BiggerPockets Podcast 023 with James Vermillion Transcript

Link to show: BP Podcast 023: Flipping While Working a Job, Partnerships, and Military Investing with James Vermillion

Josh: This is the BiggerPockets Podcast, Show 23.

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Josh: Hey, everybody this is Josh Dorkin host of the BiggerPockets podcast here with my co-host Brandon Turner who’s making weird funny faces at me on the screen. What’s that about, Brandon?

Brandon: I was trying to throw you off. Didn’t really work.

Josh: Yeah, I’m a professional.

Brandon: Oh, you’re a professional? Uh-huh.

Josh: And I am professional.

Brandon: I’m sure you are.

[laughter]

Josh: Well, what’s up, man? We got a cool show ahead.

Brandon: We do, we do. I am a big fan of our guest today. He’s been on the site for awhile and I’ve—yeah, I am excited.

Josh: That’s good. I love to see you get excited.

Brandon: Woohoo!

Josh: When Brandon gets excited he starts shaking and vibrating. It’s kind of funny.

Brandon: You make me sound like a Chihuahua.

Josh: Like he’s going to explode.

[laughter]

Josh: That’s very possible, but, yeah, today we’ve got a cool show. We’ve got James Vermillion. For those of you guys who don’t know James; he’s definitely been around for a while. James is almost one of these—another one of these homegrown BP success stories, as we’ll probably hear about later on. We’ll get into him really quickly.

Before we do, a couple things; The BiggerPockets iPhone App did come out last week and it’s been downloaded tons of times already. If you haven’t checked it out, please do. You can find that at BiggerPockets.com/app or just go to iTunes and look up BiggerPockets, just BiggerPockets with no space in between cause that’s our name, and otherwise it’s great. The response to it has been fantastic.

The show, the BiggerPockets Podcast show is also doing quite well. We’re now up to 279 five star reviews, and 182 written reviews. So, if you have left us a rating or a review: thank you, thank you, thank you. We’re now getting close to 11,000 listens per show. Hopefully some of you other guys can jump on there and leave us some feedback and ratings. We really, really appreciate it. These things do help us better rank on iTunes. So, just go to iTunes and make sure to leave us some feedback. Otherwise, we’ve got this thing that we do every show. It’s called the…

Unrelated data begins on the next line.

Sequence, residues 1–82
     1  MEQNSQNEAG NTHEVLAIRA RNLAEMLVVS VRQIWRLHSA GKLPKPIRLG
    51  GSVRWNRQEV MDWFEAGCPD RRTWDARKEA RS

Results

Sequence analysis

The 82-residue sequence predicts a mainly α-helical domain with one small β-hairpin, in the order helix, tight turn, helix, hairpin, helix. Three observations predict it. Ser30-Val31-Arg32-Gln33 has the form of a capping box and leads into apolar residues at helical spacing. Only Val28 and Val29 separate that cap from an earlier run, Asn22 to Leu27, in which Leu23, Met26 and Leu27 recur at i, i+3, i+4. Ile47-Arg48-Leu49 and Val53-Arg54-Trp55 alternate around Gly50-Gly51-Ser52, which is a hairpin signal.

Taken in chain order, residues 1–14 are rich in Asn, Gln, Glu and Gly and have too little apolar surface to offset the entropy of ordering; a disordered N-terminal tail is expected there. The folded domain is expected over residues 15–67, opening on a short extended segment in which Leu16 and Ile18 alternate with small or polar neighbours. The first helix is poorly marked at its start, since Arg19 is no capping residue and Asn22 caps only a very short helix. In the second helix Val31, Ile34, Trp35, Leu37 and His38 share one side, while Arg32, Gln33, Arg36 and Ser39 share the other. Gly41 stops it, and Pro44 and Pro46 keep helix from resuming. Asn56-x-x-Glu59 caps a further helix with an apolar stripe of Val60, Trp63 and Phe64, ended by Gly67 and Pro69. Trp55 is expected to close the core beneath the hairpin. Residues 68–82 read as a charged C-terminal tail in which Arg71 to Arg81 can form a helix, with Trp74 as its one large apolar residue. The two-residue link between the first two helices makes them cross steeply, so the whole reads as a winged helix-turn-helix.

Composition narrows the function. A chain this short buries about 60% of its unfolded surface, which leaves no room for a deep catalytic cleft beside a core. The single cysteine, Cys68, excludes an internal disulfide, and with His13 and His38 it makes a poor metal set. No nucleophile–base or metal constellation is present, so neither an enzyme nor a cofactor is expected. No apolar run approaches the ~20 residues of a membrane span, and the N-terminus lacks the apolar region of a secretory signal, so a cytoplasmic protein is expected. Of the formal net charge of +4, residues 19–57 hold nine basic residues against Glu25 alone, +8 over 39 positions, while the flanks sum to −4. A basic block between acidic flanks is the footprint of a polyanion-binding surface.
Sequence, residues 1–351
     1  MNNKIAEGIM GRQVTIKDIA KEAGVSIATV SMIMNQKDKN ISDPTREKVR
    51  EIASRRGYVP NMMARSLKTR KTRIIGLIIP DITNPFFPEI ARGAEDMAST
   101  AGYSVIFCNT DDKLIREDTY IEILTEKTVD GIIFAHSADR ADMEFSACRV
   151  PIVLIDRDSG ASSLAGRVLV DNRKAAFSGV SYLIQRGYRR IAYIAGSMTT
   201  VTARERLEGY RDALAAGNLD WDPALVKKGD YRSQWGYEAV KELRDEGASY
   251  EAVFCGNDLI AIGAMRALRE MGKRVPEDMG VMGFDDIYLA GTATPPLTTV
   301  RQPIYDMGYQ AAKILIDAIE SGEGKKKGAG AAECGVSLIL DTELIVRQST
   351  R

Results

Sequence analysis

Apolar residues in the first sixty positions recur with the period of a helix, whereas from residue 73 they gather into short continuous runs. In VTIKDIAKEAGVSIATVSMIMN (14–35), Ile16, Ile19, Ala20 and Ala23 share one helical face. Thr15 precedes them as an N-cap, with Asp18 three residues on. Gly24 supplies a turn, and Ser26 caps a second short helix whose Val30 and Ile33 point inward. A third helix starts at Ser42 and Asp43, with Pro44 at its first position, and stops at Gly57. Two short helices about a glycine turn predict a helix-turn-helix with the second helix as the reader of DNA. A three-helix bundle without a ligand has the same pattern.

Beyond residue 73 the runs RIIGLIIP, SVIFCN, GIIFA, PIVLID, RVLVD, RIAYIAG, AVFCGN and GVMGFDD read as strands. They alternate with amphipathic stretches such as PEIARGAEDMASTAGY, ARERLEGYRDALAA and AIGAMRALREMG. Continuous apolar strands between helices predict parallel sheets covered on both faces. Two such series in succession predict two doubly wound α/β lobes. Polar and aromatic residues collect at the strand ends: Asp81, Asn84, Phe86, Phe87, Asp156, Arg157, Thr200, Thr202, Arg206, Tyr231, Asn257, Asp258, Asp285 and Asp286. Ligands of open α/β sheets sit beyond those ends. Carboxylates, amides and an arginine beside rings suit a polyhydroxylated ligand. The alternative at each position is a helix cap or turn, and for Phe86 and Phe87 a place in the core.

Josh & Brandon:Quick Tip.

Brandon: I went high there.

Josh: Yeah, you did. You did.

Brandon: My Falsetto.

Josh: I didn’t know you were a Soprano, but…

Brandon: I was. I was a Tenor in High School Choir.

Josh: Were you really?

Brandon: Well, do I sound like a Bass?

Josh: Uh, no.

Brandon: I sound like a Tenor.

Josh: Okay. You sound Ten-der as well.

Brandon: Thank you. Thank you, Josh.

Josh: Yes, yes. Well, for today’s Quick Tip, for those of you who are interested, today’s Quick Tip is: upload a photo. We are talking about a photo on BiggerPockets for your personal profile. These things help people trust you, helps you get more colleagues, helps you find more deals. Preferably that photo should be your face. Putting up a photo of your face will build trust. I know some of us are not as good looking as Brandon, but we still need to put a picture up.

Brandon: Yeah, you know, no one’s perfect.

Josh: Well, you know. So, yeah, but listen, and if you’re uncomfortable of putting a picture of your face up just grab a photo of something that kind of represents you. Your dog, a house, you know, we prefer you didn’t. We really do prefer you use your face because it does help you establish your credibility, but any photo is better than no photo. Anyway, that’s today’s semi-long and verbose Quick Tip.

Brandon: Cool. Let’s move on.

Josh: Yeah, let’s move on.

Brandon: Do it.

Josh: So, we’re going to move on to James Vermillion. James is today’s guest. James is one of two partners of K&V Investment Group LLC., which is a real estate investing company based down in Lexington, Kentucky. His firm incorporates various strategies including; distressed property, rehabilitation, real estate sales and property management throughout the Blue Grass Region. He’s also a licensed Real Estate Agent and is a moderator on the BiggerPockets forums. So, let’s bring him on! James, welcome to the show!

James: Thanks, Josh. Thanks, Brandon. Glad to be on with you guys today.

Brandon: Awesome.

Josh: Yeah. Well, let’s jump in dude. Let’s get right to the very beginning. How on earth did you get started? I know you, you’re a military guy. What kicked this thing off?

James: Well, I got started pretty much like everybody. I inherited $10,000,000 and went out and bought some properties.

[laughter]